There’s not much to see or do in this community, but the ocean is stunning. If you have recommendations for what to do in Gingolx drop a comment below.
Recently built, the Nisga’a Museum is AMAZING. Housed in a gorgeous building just outside the community of Laxgalts’ap. It boasts an incredible display related to Nisga’a culture and the treaty.
Inside you’ll find information about the treaties, traditions, and fishing culture of the Nisga’a. With children in tow, we weren’t able to take in much, but this is a must see when in the Nass Valley. It is very well done, and I left wishing I could have spent more time.
Because of the children, we ended up spending most of our time in the children zone and outside the front of the house letting them crawl around and play with the assortment of puppets. The Children’s corner has a variety of puppets (mostly representing animals in the region) as well as a collection of books and puzzles (including books related to North Coast culture). This was a great spot to help our toddler and baby unwind and enjoy. Check out dad playing with toddler in this post about visiting heritage sites with kids.
I would go back to the Nass Valley just to spend more time in this museum.
Gitwinksihlkw Suspension Bridge
Our last stop in the Nass Valley was to explore a suspension bridge to Gitwinksihlkw. While we don’t usually like to do quick shortstops with the children, the draw of a suspension bridge was too good to pass. We unloaded the children and loaded them up to check it out.
Until recently, the bridge was the only way to this community built after the volcano eruption. Now a vehicle bridge connects the community of Gitwinksihlkw. Cross over the community bridge and drive into the town. The suspension bridge is on the left. Use at your own risk, its a fun gander over the beautiful Nass river and a reflection in time to the hundreds of people who crossed this bridge as their only connection to the other side of the river.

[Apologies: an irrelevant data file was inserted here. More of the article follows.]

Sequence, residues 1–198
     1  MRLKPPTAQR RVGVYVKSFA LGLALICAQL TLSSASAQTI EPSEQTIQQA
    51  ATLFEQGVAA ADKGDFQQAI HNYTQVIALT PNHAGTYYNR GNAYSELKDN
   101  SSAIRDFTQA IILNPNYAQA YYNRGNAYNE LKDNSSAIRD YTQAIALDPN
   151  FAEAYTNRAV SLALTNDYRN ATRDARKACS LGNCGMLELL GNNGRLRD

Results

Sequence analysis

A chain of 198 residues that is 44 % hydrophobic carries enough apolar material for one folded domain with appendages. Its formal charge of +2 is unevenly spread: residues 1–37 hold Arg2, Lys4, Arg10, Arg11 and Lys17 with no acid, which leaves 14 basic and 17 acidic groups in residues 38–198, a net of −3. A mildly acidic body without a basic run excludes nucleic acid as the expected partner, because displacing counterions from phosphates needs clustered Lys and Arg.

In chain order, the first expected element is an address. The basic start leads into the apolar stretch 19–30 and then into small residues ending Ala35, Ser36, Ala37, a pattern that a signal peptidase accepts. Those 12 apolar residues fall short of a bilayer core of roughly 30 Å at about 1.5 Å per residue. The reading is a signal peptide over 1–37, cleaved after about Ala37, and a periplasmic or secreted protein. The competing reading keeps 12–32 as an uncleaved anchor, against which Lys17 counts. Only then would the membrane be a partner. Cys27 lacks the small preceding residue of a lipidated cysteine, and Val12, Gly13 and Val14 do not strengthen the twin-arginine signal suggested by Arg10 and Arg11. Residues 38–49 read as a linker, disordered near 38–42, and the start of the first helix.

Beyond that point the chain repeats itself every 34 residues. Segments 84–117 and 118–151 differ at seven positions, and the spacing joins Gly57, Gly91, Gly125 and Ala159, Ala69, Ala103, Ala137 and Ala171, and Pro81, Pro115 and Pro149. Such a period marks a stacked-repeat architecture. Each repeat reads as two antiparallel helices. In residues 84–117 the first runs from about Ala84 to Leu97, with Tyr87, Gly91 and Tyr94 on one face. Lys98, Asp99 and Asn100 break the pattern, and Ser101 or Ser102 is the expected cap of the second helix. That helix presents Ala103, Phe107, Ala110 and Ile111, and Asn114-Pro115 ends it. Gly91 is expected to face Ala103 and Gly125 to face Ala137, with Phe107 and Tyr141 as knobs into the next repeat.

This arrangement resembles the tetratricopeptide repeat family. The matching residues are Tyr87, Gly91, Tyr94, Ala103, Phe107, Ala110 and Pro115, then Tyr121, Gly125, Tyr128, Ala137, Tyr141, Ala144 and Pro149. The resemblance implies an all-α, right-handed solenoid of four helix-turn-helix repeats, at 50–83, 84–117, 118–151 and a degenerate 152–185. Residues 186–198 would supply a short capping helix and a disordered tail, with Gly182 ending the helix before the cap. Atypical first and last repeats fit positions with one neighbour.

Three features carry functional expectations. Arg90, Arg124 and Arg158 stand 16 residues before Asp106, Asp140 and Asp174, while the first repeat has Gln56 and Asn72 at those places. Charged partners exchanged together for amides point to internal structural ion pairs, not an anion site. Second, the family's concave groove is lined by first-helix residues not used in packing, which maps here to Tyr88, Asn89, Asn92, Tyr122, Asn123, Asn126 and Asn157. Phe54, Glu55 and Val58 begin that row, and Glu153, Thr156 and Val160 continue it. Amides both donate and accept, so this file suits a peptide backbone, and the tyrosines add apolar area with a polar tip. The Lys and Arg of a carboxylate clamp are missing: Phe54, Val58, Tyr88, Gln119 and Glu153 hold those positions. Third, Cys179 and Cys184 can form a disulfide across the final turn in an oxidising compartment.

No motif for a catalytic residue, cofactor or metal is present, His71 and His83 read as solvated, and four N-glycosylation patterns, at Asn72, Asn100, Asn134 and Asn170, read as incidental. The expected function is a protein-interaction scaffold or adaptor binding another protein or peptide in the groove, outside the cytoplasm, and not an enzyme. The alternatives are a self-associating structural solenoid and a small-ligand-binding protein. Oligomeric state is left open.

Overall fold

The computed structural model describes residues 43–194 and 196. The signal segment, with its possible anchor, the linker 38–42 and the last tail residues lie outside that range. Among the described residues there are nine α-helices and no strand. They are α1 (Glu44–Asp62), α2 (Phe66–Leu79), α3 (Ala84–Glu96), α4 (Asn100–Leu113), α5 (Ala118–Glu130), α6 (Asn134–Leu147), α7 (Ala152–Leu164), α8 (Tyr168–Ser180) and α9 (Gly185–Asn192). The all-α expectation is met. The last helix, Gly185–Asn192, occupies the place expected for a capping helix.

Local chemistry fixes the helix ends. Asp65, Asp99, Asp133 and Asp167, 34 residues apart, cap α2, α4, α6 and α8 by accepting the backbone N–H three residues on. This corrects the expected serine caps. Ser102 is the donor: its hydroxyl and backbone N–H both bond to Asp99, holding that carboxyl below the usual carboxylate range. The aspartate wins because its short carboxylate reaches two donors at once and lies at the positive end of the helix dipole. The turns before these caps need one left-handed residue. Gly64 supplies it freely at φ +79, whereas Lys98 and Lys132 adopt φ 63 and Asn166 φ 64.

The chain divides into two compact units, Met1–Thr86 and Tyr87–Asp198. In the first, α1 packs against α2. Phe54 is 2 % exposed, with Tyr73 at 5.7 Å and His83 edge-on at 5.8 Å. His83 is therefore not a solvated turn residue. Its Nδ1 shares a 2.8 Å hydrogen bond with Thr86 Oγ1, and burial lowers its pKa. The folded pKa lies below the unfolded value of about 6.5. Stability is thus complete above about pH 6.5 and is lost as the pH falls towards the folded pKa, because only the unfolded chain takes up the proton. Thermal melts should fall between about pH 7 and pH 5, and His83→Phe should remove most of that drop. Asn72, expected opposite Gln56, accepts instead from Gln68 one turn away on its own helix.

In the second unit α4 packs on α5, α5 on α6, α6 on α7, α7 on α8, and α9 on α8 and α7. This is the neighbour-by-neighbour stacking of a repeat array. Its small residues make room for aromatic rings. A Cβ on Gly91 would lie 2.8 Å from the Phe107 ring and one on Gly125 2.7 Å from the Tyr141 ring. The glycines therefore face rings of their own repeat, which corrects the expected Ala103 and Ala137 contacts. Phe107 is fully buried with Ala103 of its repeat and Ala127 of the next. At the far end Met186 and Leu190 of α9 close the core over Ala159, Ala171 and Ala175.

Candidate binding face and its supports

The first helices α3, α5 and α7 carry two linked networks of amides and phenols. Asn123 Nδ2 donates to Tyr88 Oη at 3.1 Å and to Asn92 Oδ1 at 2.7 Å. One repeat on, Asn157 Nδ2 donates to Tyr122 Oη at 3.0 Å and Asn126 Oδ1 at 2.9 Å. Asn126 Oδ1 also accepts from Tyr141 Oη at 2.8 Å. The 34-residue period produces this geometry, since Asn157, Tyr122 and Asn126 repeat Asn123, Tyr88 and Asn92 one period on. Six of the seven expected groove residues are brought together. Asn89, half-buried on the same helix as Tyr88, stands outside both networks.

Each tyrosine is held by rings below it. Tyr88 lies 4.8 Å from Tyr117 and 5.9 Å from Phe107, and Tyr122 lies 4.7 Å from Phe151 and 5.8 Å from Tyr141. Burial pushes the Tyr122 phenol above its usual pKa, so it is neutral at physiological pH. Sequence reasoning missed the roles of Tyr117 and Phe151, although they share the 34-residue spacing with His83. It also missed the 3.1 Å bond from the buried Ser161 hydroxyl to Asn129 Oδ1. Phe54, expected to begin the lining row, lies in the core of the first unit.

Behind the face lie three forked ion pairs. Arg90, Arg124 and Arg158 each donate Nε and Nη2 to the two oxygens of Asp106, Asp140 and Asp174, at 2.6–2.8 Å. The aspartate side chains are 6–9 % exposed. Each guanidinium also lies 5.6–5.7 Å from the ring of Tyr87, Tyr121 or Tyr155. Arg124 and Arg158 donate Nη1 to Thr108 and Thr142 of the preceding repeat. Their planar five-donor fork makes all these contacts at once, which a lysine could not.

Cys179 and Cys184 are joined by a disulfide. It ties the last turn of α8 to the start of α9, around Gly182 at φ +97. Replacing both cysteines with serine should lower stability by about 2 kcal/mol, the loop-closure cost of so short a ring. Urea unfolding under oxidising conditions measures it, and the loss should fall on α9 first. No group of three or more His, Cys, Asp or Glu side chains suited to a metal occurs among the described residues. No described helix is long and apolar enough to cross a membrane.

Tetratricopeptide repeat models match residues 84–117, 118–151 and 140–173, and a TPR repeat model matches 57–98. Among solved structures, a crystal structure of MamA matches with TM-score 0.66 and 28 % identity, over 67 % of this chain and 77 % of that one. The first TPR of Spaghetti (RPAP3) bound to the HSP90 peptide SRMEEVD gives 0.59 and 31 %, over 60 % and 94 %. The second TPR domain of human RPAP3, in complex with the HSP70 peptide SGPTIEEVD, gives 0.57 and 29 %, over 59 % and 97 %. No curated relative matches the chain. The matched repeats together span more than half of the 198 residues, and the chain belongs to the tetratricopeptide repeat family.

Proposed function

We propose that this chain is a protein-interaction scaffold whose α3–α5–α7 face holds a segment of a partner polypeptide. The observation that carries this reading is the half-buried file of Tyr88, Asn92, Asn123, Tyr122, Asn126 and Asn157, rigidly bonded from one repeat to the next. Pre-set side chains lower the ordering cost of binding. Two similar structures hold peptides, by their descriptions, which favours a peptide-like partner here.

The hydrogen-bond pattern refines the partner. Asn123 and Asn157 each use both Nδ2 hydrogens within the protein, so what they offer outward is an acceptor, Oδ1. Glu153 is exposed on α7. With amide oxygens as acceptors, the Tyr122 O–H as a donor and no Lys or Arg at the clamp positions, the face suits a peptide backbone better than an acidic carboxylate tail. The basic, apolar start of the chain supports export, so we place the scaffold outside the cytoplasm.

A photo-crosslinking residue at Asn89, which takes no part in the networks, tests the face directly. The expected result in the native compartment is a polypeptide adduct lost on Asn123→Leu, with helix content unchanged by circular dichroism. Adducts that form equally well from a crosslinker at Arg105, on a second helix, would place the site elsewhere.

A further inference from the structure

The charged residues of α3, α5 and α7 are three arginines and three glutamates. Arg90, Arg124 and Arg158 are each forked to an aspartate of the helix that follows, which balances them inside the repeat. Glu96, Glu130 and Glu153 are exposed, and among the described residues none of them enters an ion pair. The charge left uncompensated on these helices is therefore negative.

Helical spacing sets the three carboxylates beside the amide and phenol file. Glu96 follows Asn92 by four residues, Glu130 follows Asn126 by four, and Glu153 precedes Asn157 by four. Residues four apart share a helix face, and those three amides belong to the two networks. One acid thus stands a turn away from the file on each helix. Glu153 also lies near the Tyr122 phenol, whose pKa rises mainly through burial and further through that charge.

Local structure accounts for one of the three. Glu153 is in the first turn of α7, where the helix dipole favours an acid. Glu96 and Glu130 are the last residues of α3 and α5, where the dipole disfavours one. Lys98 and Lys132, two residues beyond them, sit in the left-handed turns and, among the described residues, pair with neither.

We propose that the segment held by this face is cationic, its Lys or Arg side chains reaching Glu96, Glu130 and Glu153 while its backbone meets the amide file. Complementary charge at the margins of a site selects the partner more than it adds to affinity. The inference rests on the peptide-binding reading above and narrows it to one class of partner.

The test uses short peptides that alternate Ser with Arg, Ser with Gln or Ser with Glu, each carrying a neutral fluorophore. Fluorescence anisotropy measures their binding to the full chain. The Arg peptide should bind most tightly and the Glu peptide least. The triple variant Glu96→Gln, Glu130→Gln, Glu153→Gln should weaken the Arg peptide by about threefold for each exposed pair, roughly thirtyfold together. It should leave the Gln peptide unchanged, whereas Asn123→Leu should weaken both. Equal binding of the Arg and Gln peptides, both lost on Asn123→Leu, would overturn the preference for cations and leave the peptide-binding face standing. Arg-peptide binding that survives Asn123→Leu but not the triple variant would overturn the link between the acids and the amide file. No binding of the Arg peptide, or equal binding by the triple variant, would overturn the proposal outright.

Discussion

I’m a little weary of suspension bridges, but my husband had a blast crossing over it. We did let the toddler out, and he wandered around on the bridge before we packed it all up and headed on our way back to Terrace for the night.
For Next Time
Traveling in the Nass Valley with kids in tow was an amazing adventure. Of all the things to do with kids in the Terrace and Prince Rupert region, this adventure was most definitely my favourite. It is worth the day long adventure and worth another visit. I can’t wait to return when the toddlers are more active and fiesty.
The Lava beds alone are enough reason to venture into the Nass Valley, but if searching for more, the rest of the Villages along the highway don’t fail to disappoint. They offer a unique glimpse into a different culture and time. If you are even in the Terrace region, you have to make the journey up and see it. If I were to go again, I would check out the other stops along the auto tour and return to the Nisga’a Museum. To listen to the stories and marvel at the beauty of this culture.